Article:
Taquile's families own rams, sheep, cows, chickens and sometimes guinea pigs. Taquile offers a wide range of typical dishes. Breakfast consists of two pancakes with sugar or bread with eggs, with a cup of tea made from either Muna or Coca. For lunch, dishes are a vegetable soup, fish with rice, and a tomato and onion salad. For dinner, the Taquilean people serve vegetable soup with bread. Our plan was enjoying a lunch in a restaurant, perched next to a cliff, over-looking the Bolivian border. Special vegetarian meals were made for the group.
From the pier to the restaurant was a good 30-minute uphill trek. But the effort was well worth it. During lunch, the locals performed their traditional dance and there were demonstrations of weaving and making of shampoo using leaves and herbs.
On our return trip to Puno, we enjoyed the setting sun.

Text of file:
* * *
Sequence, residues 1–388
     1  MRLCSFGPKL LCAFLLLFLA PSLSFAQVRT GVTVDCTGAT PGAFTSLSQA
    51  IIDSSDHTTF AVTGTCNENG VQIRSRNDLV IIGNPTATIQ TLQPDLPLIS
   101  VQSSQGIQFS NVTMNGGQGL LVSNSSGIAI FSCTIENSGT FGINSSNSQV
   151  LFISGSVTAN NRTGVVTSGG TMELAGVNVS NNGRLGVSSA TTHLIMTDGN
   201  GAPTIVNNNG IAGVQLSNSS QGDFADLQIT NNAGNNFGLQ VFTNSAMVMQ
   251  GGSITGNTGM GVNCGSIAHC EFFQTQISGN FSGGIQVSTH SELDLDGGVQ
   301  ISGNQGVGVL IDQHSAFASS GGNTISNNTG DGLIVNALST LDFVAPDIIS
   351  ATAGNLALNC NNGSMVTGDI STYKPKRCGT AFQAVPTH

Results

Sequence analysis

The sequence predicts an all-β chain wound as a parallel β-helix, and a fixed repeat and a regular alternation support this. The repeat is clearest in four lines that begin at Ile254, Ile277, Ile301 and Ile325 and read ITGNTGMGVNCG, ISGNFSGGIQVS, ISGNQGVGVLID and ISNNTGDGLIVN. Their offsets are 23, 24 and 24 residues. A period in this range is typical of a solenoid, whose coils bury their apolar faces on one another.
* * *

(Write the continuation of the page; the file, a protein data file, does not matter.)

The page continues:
The next morning we would drive to the airport in Juliaca to catch our flight to Lima – the last leg of our South American trip. Enroute airport we visited the Sillustani archaeological site that has a collection of ruined towers built by pre-Inca civilization near Lake Umayo. The towers are chullpas – funeral towers built to commemorate noble men and fitted with offerings to help secure their passage into their next life. These towers are on a hill and you would need to climb up, albeit quite easily.
We also made a quick stop to check a local’s house that was walled and gated. The couple was kind enough to show us around… the cooking place, the living quarters and the storage. They even offered us a bite of freshly baked potato. Tied to their main gate were cute little Llamas.
Puno Image Gallery Photo viewer